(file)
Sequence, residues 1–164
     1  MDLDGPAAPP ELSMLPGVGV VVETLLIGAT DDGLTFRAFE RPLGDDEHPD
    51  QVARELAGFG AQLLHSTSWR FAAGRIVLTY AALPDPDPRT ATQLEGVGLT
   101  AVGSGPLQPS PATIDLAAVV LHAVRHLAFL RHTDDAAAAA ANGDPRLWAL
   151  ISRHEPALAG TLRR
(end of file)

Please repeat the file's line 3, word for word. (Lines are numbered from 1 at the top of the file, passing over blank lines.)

    51  QVARELAGFG AQLLHSTSWR FAAGRIVLTY AALPDPDPRT ATQLEGVGLT